Researchers Used 3D Printing to Solve PPE Shortage in Nigeria

A recent academic paper has revealed that researchers from the University of Sussex and the Olabisis Onabanjo University in Nigeria turned to 3D printing and open-source designs to help deal with a shortage of personal protection equipment (PPE). Like many countries, this shortage arose in Nigeria during the Covid-19 pandemic. Andre Maia Chagas from the University of Sussex, and Dr. Royhaan Folarin from the Olabisi Onabanjo University in Nigeria explained the project in an article that was published in the latest issue of the monthly scientific journal PLOS Biology.

The Covid-19 pandemic hit the entire world without a warning and caused damage that still affects our everyday lives. However in times like now, when the pandemic seems to be coming to a state where everyone can slowly start to recover and process all that has been turning our lives upside down, we start to learn how the challenging situation impacted other parts of the planet. When the coronavirus found its way to Africa, more precisely Nigeria, it didn’t take long for the situation to turn problematic. The African country, given its population’s poverty and its unstable economy, quickly ran short on personal protection equipment (PPE) for its medical staff, which, as you know, is very important when dealing with the contagious virus.

Researchers Dr. André Maia Chagas and Dr. Royhaan Folarin (photo credits: Ralf Rebmann / scicomnigeria)

In an effort to solve the problem as quickly as possible, Dr. Andre Maia Chagas and Dr. Royhaan Folarin together searched for a possible solution. The researchers turned to additive manufacturing, which presented a great opportunity to not only produce 400 pieces of urgently needed PPE on time but also enabled cheaper and more sustainable production. The team managed to obtain the approved PPE designs via open-source, and without hesitation, 3D printed equipment for the local community to use, which turned out to cost less than half of what the usual equipment would have cost.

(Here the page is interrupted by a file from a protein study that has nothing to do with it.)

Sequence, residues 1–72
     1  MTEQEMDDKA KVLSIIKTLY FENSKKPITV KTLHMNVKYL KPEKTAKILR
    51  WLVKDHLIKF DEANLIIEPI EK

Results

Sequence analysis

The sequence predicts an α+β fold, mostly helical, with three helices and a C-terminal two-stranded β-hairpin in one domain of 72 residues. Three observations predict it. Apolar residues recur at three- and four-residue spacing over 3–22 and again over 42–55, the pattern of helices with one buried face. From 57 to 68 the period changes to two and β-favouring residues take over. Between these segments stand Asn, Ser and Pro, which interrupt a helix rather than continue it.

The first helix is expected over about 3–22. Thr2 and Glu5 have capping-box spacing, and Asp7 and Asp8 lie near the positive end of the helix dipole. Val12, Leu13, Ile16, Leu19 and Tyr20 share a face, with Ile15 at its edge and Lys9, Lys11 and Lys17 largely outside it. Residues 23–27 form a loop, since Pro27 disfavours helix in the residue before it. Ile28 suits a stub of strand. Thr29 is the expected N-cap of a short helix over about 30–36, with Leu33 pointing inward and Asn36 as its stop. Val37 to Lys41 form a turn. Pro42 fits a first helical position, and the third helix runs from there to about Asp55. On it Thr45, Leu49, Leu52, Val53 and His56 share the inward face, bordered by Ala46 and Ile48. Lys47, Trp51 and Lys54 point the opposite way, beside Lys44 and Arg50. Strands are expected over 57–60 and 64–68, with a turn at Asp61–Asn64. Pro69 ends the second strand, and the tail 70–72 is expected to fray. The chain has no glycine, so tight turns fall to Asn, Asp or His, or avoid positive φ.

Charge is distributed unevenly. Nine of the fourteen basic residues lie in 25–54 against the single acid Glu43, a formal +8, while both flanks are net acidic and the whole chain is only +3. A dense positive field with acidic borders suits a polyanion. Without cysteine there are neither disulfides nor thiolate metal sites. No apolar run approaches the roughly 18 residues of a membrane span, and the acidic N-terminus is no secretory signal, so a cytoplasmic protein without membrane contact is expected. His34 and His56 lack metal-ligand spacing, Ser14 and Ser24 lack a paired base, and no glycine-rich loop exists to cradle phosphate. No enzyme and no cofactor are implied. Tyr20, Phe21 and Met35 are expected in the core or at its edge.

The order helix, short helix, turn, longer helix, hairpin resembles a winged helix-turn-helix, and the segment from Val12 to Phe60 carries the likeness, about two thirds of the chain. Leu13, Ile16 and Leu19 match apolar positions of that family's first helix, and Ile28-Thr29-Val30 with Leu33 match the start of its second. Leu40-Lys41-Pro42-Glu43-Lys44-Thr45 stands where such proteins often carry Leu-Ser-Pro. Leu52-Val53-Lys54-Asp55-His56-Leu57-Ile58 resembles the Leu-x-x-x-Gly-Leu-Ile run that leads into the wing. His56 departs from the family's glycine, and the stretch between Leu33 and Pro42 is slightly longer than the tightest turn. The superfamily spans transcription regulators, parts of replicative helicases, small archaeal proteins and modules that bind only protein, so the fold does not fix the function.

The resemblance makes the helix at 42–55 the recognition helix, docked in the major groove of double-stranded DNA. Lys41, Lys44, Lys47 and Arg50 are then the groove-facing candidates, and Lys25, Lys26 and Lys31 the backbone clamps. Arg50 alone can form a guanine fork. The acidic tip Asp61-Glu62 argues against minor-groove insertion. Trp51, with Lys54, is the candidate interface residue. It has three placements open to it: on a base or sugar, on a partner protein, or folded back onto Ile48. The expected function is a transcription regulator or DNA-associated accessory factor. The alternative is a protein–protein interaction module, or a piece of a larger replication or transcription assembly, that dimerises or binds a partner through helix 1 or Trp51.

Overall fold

Dr.Andre Maia Chagas, who works as a Research Bioengineer at the University of Sussex, commented on the project, noting, “Through knowledge sharing, collaboration and technology, we were able to help support a community through a global health crisis. I’m really proud of the tangible difference we made at a critical time for this community. As PPE was in such high demand and stocks were low, prices for surgical masks, respirators and surgical gowns hiked, with issues arising around exports and international distribution. We quickly realized that alternative means of producing and distributing PPE were required. Free and open-source hardware (FOSH) and 3D printing quickly became a viable option.”

An example of 3D printed PPE (photo credits: America Makes)

3D Printing Helped Charities to Provide PPE

The collaboration between the two researchers initially came together through a charity network called TReND in Africa. The initiative, brought to life by the University of Sussex, supports scientific capacity building in developing countries in Africa. The University’s experts work together with local researchers or doctors and share their knowledge in innovation, technology, and medicine. Dr. Royhaan Folarin, a Neuroscientist and lecturer of anatomical sciences at Olabisi Onabanjo University in Nigeria, explains:  “During the pandemic, we saw the successful printing and donation of PPE in the Czech Republic by Prusa Research and it became a goal for me to use the training I had received in previous TReND in Africa workshops to help impact my immediate community in Nigeria.” 

The project’s success prompted other professionals to further test and optimize the process since the 3D printer the team used was not built for large-scale serial manufacturing. Ultimately, the process was further advanced for industrial production, and companies started to use 3D printing technologies to produce and ship PPE to places in need around the world. 

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